My lunch: Recently, I discovered my favorite pizza ever: Tuscan pizza with garlic, sauce, mushrooms, caramelized onions, truffle oil, vegan cheese and fresh thyme from Zpizza . The original Tuscan pizza is made with regular cheese, but I ask for a vegan cheese instead. They use Daiya cheese that stretches and melts perfectly. Unfortunately the closest Zpizza is about an hour away from where I live :-( Too far to get a delivery or to go there often. If I could have that for lunch everyday, I would :-)

My lunch: Orzo pasta salad with peas, caramelized onions, asparagus and walnuts on a bed of raw spinach. The recipe was from an old issue of Vegetarian Times Magazine.

My lunch: Fried rice and baked tofu.

My lunch: Falafel sandwich with dill sauce, leftovers from previous dinner. It actually tastes pretty good cold the next day.

Those were just few of my lunch examples. What do you eat for lunch when you are not working or studying?

Carol J. Adams is a kind-hearted, smart, and talented woman. She is a vegan writer, feminist, animal rights advocate, activist and an author of many books and articles.
Some of her books include: The Sexual Politics of Meat: A Feminist-Vegetarian Critical Theory, Living Among Meat Eaters: The Vegetarian's Survival Handbook, The Pornography of Meat, The Inner Art of Vegetarianism, Help! My Child Stopped Eating Meat: The A-Z Guide to Surviving a Conflict in Diets, and many more.

I have read two of her books: The Sexual Politics of Meat: A Feminist-Vegetarian Critical Theory, and Living Among Meat Eaters: The Vegetarian's Survival Handbook. Both of these book were very helpful on my vegan journey and I highly recommend them to vegans, vegetarians, anyone who cares about animals and women, and people who are thinking about becoming vegetarians or vegans.
Me and my sister contributed a picture to the newest edition of The Sexual Politics of Meat (Twentieth Anniversary Edition). I had the honor to meet Carol in person at her book signing in Atlanta last year.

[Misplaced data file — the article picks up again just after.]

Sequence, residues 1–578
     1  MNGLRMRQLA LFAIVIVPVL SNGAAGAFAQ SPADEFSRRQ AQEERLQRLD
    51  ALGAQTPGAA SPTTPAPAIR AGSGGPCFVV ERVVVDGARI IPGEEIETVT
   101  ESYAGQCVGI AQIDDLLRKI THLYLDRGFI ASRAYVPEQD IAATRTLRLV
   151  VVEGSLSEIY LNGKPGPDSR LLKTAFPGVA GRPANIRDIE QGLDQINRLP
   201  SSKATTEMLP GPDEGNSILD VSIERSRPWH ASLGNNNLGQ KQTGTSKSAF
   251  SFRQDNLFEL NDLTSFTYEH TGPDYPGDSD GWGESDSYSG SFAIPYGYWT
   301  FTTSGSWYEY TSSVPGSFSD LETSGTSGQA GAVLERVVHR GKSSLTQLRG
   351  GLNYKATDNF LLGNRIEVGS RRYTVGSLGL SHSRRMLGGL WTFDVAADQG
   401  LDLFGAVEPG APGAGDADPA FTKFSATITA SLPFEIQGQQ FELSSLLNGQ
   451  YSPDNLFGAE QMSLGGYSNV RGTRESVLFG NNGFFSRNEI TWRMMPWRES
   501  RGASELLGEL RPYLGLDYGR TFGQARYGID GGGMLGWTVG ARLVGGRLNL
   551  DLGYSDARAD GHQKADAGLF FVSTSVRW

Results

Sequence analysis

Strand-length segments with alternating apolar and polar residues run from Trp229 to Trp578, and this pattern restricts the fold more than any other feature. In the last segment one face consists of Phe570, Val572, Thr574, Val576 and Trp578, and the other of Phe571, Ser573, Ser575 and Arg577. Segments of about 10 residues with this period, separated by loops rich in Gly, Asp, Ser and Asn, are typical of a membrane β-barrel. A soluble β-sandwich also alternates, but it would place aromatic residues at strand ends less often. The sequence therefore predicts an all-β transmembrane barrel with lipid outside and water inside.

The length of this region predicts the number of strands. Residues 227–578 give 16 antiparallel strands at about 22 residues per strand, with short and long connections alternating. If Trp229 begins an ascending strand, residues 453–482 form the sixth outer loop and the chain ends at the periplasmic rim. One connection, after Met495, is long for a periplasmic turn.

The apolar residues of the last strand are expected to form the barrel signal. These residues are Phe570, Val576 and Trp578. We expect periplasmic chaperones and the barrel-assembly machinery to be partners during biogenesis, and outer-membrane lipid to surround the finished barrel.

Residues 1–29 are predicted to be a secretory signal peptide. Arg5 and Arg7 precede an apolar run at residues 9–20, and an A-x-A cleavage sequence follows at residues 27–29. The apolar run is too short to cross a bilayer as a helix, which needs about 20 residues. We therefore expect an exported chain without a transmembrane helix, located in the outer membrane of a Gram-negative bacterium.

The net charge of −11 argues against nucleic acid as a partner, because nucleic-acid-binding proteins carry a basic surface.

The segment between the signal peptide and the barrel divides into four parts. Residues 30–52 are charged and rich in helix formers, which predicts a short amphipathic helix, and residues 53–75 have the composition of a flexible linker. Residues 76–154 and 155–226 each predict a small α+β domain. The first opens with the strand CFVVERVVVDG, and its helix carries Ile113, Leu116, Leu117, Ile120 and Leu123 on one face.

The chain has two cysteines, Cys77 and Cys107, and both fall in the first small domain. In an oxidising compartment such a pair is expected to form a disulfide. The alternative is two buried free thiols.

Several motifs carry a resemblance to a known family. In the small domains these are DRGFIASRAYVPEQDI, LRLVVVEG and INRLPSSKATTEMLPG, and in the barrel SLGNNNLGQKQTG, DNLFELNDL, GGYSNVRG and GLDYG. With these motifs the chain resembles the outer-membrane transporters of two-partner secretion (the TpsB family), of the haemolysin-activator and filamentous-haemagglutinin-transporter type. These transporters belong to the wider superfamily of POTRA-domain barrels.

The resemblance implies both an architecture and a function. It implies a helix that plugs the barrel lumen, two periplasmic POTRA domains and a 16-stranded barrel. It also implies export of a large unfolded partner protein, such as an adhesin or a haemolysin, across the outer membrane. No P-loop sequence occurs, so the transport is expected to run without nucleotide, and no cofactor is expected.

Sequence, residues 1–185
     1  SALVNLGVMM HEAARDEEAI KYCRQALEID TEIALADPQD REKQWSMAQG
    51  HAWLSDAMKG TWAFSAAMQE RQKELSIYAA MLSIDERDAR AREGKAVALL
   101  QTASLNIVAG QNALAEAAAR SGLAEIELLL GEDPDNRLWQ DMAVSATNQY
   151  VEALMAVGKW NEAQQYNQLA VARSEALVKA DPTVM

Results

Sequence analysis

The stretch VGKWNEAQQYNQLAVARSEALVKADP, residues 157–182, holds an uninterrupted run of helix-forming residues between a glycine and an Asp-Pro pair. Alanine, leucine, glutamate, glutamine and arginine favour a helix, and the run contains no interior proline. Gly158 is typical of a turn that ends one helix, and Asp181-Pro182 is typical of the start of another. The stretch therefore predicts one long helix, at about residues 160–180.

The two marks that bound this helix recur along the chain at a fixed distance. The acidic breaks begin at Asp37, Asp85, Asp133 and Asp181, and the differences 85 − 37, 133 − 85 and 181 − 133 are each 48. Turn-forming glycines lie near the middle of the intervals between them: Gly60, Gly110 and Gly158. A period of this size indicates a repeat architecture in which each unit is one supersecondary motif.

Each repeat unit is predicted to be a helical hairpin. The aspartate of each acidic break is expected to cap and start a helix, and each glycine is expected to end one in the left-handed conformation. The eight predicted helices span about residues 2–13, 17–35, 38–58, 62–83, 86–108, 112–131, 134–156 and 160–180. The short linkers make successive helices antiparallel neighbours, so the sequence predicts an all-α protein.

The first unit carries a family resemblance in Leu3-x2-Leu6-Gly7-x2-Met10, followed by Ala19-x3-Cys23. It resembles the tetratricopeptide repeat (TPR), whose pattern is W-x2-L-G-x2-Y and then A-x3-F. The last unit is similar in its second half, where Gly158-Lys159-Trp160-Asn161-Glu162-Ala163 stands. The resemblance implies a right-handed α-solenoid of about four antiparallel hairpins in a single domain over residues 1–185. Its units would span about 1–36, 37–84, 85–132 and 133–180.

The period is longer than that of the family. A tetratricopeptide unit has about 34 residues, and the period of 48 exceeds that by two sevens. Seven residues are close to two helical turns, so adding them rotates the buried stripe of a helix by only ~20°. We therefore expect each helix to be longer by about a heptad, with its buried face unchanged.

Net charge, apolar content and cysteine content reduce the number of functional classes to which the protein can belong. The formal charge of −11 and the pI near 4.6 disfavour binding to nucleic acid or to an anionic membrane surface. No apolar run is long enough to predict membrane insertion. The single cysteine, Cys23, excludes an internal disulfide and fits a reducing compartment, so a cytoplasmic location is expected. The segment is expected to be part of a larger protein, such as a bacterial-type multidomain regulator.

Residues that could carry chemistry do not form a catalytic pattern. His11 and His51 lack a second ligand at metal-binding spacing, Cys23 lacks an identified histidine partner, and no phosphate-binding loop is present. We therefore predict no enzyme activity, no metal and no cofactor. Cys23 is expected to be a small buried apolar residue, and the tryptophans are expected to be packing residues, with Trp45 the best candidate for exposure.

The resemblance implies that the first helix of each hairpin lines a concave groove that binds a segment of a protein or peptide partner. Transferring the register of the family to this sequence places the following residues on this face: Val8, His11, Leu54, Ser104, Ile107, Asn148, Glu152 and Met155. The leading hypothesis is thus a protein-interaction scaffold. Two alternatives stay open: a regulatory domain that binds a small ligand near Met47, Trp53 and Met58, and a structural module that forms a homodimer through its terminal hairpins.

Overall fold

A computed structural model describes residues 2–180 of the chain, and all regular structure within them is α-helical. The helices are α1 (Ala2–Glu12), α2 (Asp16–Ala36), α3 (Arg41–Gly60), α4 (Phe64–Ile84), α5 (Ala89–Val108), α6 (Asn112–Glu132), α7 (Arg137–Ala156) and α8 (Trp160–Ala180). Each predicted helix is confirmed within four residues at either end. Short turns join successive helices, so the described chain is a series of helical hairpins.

Tuesday, April 12, 2011

Product spotlight: Gardein

Gardein is a company that makes wonderful, high-protein, plant-based convenient foods. I have been enjoying Gardein products since 2009. Their name is a combination of two words: Garden and Protein- protein from garden. They make several meat alternatives in fresh (refrigerated) and frozen forms. Over the years I have had a chance to try most of them. Most companies that make fake meat products for vegans and vegetarians use soy or wheat, or the combination of both as the main ingredients. Gardein is very unique when it comes to main ingredients, on top of soy and wheat they use pea protein, vegetables and ancient grains, such as quinoa, kamut, millet and amaranth. Quinoa is amazing, it contains all essential amino acids which makes it a complete protein. I like the combination of different proteins in Gardein products. Their products have meaty texture and flavor. I like that many of them are very versatile and can be used in many recipes that would call for chicken or beef. I have used the "Beefless Tips" in most of my stew and goulash recipes with a great success. Here is a link to my goulash recipe.
Gardein works closely with a vegan celebrity chef Tal Ronnen who is helping them with developing different textures, flavors and variations. He also creates tasty recipes that you can find on Gardein's website.
Gardein products are tasty, very easy to prepare, they are versatile in recipes and most of them are prepared quickly, too.
Here are some of my meals using Gardein products over the years. I haven't had any that I didn't like. I do have my favorite though: Beefless Tips, BBQ Skewers and Buffalo Wings.
Have you tried Gardein products yet?

*Breaded Chick'n stuffed with marinara sauce and vegan cheese, grilled asparagus and salad

*Czech goulash made with juicy, beefy Beefless Tips, and bread dumplings

*Thanksgiving breaded stuffed Turk'y with gravy. The savory stuffing was made with celery, onions and cranberries and it was soooo good. It was very festive and I served it with baked sweet potato that I smothered in the gravy (which was included with the Turk'y). The only downside was that there was not enough gravy for two people, even though there were two pieces of Turk'y.

*Chick'n Filets with black pepper sauce, asian veggies and rice

*Grilled Chick'n Filets and french fries

*BBQ Skewers and baked potato wedges

*BBQ Pulled Shreds sandwich. I used the BBQ Pulled Shreds in other sandwiches and on top of baked beans and it was pretty good.